Exhaust Corrosion: How To Spot It & How It’s Caused

Your car will face the elements every time it hits the road, or even when it’s parked if you’re not fortunate enough to own a garage. Whether it’s being baked in the sun or withstanding freezing temperatures, pouring rain or even the spray from the sea after a coastal drive, your vehicle is often at the mercy of unpredictable external factors… which combine with the general wear and tear your vehicle suffers naturally to have, in some cases, disastrous effects. Your car’s exhaust is one highly susceptible part that can suffer damage, usually in the form of rust and corrosion, and it doesn’t always begin on the outside. Here’s how to identify this problem and what causes it.

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What Is Exhaust Corrosion?

Exhaust corrosion is the harmful process in which the metals that your exhaust system is made from begin to degrade and break down. The most common and recognisable form of this is rust, something which everybody will have seen at some point in their lives in one place or another. While modern cars are typically very good at fending off rust thanks to their special paint job coatings, certain parts are given less protection – including the exhaust.

The reason that exhaust systems are prone to corroding is not just because it’s exposed to the outside elements, but also because it can have a habit of collecting water on the inside too. As the metal heats and cools repeatedly, any condensation will remain trapped in exhaust pipework and we all know that water and metal don’t work together over extended periods of time.

How To Tell If Your Exhaust Is Corroded

Thankfully, it’s quite easy to spot corrosion on your exhaust simply by examining the area; you won’t even need an advanced understanding of vehicle mechanics either. Standard rust, like you’d find on any other metallic object, should be easy enough to identify. You’ll want to check around the outside of your exhaust pipe, but if you can, take a look inside too (you’ll most likely require a torch).

Keep an eye out for any cracks or holes that have developed, also checking the entire length of the exhaust system if you’re able to do so. This damage could have appeared after an impact from debris on the road, but if there are signs of significant corrosion, it’s quite possible that they may have developed after extreme rusting. A good way of testing the severity of any rusting is to give it a poke and see how it feels. Is the metal still solid or does it split the moment you prod it? If it’s the latter, some serious damage has been done.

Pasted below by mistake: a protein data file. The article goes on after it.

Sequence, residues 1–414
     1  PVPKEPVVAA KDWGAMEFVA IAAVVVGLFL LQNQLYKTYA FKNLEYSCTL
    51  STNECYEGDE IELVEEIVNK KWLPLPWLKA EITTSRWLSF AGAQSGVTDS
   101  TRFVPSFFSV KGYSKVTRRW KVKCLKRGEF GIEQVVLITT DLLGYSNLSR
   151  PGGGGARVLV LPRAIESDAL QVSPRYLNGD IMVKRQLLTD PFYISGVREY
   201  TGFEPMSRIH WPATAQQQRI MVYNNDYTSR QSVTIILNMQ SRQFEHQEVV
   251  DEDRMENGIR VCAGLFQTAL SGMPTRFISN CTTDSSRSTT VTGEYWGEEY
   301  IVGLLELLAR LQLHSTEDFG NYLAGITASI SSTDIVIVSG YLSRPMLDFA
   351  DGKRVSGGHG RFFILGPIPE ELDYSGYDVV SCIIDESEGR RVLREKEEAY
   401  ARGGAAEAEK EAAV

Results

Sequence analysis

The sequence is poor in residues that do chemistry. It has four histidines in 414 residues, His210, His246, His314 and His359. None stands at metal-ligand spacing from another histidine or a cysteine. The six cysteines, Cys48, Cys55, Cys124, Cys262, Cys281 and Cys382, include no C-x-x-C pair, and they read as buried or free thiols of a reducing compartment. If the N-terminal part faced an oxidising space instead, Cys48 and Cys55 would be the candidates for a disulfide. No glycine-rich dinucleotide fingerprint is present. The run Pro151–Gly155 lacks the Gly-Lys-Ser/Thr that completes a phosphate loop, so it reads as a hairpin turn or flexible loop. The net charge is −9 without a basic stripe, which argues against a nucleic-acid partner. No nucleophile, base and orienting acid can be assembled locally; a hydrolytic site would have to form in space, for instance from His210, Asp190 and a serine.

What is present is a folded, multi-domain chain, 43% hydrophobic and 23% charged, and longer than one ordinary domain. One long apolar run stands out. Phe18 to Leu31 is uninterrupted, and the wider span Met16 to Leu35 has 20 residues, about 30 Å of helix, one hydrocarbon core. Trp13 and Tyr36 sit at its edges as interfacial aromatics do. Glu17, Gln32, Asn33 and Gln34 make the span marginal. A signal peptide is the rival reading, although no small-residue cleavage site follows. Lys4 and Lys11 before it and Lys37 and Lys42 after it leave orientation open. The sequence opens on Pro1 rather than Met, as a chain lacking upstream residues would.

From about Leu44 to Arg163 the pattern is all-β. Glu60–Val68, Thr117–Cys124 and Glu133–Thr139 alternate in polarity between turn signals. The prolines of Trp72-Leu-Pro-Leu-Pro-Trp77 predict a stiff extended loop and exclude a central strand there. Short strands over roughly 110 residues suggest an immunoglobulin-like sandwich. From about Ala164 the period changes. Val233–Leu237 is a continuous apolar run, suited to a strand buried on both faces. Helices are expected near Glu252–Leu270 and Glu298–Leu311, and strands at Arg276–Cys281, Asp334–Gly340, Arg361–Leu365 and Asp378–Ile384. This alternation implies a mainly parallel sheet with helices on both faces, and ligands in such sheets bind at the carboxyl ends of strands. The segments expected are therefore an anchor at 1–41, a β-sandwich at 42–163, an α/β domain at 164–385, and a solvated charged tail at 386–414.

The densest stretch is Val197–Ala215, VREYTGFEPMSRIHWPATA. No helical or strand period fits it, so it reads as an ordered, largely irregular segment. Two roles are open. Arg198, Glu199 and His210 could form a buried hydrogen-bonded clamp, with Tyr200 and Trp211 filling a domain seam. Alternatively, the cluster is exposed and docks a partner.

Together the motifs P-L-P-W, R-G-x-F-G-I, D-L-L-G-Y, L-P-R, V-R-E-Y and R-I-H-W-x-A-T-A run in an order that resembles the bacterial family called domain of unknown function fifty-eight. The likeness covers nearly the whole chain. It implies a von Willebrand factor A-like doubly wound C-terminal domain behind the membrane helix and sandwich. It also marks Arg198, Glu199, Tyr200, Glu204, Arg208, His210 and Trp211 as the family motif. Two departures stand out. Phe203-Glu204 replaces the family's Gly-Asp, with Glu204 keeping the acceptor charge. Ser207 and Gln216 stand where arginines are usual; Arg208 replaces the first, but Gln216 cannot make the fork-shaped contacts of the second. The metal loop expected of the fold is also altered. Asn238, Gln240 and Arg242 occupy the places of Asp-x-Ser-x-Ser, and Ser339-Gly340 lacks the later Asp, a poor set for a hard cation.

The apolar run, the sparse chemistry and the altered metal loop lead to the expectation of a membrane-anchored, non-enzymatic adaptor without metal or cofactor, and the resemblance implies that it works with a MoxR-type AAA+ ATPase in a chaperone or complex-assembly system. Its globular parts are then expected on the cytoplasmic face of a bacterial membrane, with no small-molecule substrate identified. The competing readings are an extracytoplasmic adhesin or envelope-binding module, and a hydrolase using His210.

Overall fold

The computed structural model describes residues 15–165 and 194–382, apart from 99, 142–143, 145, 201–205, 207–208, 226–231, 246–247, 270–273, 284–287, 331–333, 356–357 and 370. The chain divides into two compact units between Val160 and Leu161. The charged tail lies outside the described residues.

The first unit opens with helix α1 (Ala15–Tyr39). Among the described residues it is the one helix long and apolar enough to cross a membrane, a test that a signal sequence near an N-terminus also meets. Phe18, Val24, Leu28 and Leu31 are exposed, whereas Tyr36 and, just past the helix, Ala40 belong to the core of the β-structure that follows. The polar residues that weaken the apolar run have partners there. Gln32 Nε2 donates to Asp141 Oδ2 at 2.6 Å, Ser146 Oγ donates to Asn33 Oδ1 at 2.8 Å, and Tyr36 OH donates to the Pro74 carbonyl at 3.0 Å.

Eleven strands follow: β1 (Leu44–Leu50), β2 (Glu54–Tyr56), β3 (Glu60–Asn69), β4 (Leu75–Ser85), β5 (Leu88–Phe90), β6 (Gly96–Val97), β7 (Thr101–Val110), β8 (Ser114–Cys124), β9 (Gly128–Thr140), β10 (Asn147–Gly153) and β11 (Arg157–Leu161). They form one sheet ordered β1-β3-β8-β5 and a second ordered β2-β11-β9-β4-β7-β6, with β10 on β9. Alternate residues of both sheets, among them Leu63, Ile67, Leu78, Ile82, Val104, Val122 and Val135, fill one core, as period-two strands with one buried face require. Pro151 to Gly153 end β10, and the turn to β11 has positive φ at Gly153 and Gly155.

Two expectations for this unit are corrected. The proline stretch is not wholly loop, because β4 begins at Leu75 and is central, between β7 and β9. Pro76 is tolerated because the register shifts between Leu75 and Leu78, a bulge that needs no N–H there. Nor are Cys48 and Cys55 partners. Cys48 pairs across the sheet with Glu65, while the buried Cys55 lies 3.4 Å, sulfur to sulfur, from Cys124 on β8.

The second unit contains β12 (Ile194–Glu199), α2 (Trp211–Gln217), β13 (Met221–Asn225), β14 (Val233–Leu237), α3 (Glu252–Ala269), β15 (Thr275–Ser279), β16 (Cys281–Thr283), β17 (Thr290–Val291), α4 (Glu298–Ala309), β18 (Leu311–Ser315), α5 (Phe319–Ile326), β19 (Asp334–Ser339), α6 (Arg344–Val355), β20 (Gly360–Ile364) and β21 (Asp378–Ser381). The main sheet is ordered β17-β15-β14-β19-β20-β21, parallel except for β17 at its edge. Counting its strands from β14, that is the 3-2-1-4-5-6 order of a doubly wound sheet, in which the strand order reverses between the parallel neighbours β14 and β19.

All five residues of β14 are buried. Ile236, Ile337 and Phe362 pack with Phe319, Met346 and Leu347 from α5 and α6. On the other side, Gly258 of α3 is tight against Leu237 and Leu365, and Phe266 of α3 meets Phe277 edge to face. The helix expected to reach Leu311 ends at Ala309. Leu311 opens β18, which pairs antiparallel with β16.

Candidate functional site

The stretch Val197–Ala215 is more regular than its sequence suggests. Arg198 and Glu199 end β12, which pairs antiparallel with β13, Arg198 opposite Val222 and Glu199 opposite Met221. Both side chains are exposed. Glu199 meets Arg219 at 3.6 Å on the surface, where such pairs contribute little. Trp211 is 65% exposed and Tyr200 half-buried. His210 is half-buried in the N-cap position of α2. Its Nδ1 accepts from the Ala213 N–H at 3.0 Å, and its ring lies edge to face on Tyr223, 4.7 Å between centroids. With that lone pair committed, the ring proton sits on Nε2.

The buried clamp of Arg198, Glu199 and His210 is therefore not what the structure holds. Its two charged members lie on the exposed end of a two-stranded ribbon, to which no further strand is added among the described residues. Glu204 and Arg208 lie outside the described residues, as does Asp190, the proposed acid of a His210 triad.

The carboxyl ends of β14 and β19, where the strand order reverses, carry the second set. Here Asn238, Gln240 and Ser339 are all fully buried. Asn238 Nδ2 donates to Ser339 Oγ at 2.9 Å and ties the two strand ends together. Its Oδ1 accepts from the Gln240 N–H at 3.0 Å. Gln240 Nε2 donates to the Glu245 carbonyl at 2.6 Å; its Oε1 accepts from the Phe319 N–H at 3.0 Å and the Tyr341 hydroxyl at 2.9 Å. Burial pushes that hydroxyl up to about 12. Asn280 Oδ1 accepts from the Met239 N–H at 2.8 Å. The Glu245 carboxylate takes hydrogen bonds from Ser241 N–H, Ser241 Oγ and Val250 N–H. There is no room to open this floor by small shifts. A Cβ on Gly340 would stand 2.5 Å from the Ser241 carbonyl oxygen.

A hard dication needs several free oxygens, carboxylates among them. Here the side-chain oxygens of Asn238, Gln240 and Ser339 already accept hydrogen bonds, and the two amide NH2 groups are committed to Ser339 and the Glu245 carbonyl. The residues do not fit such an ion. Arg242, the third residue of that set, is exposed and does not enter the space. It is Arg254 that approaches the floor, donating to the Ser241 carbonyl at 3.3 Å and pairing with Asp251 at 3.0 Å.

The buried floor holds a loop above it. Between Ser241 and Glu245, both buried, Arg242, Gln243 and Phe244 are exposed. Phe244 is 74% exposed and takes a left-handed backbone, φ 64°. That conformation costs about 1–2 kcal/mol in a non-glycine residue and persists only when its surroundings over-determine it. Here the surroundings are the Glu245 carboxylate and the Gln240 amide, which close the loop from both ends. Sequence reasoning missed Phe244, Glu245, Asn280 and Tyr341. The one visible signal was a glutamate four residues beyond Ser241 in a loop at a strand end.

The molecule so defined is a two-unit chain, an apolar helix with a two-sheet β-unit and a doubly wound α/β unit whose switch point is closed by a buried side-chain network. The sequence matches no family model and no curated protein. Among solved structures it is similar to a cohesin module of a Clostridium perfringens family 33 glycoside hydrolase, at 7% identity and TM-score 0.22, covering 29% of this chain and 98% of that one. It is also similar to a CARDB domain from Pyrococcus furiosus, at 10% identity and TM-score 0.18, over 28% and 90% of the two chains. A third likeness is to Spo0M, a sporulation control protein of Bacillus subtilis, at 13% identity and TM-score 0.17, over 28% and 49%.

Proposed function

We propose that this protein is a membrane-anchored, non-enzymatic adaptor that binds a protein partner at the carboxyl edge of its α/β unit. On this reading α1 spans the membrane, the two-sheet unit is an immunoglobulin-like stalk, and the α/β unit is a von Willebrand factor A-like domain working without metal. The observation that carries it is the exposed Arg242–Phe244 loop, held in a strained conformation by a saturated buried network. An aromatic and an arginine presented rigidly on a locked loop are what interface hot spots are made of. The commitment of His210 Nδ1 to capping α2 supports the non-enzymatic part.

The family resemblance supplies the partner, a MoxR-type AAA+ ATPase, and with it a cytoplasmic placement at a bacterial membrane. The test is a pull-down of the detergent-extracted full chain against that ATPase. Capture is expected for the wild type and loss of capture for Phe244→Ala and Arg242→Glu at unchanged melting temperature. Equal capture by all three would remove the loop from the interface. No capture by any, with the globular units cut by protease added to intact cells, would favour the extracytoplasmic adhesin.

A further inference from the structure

Your ears can also prove as useful as your eyes. If you hear any unusual sounds coming from your exhaust, or if it’s become noticeably louder, you might have corrosion damage. This is particularly common when the silencer rusts and is no longer able to, well, silence.

Can You Drive With A Corroded Exhaust?

Driving with a corroded exhaust may not pose any immediate problems that will result in your car breaking down, but you might end up pulled over at the side of the road by order of your local police force. This is because they have every right to legally take your car off the road (and punish you accordingly) if your vehicle is producing an obscene level of emissions, whether that’s in the form of toxic fumes or noise.

However, there are other more dangerous consequences of driving with a damaged exhaust pipe. The fumes that are emitted through it are, as we said, toxic and incredibly harmful to humans. If your exhaust is damaged, those fumes may not be able to escape successfully and could end up collecting in and around you and your passengers while you’re driving, or more likely while you’re sitting around waiting in traffic.

How To Fix A Corroded Exhaust

The problem with corrosion is that once it’s occurred, it’s extremely difficult to undo the damage. In many cases, particularly if holes have developed, you will probably have to have the afflicted parts replaced. Take the car to your local mechanic and they’ll be able to do this job for you.

If you think the rust can be tackled and treated, sparing the part from the scrapheap, there are certain ways you can attempt this. It will involve using an angle grinder to remove the rust before patching it up with fibreglass gel, after which it should be sanded down to make it smooth. For a more detailed explanation of this process, you can check out our in-depth guide.

How To Prevent Your Exhaust From Becoming Corroded

There are a few methods you can use to prevent rust from taking over your exhaust. First and foremost, avoiding using the car exclusively for short journeys will help. Those short trips will prevent the water vapour that gathers inside the exhaust from dissipating, resulting in water pooling and remaining in place until it can damage the metal.

If your car is used for short journeys, there are alternative options. You could use powder coating (as long as your exhaust is almost pristinely clean) to protect the vehicle from rust and corrosion around the exhaust. Chrome plating is another choice that would help keep the vehicle safe from rust as the corrosion will struggle to take hold. Finally, you could turn to the tried and trusted WD-40, a great product you can utilise at home to keep water from damaging your car.

If your old car has suffered with rust for years and you feel it’s finally time for a new vehicle, get a quote today from scrap or salvage buyers who are eager to take your old, damaged or unwanted motor off your hands. Using just your postcode and vehicle registration, Scrap Car Comparison can present you with the best deals for buyers based in your local area who are even able to collect it from you – a service which won’t cost you a single penny! Give us a call on 03333 44 99 50 or use our scrap car price calculator to get a valuation for your car now!

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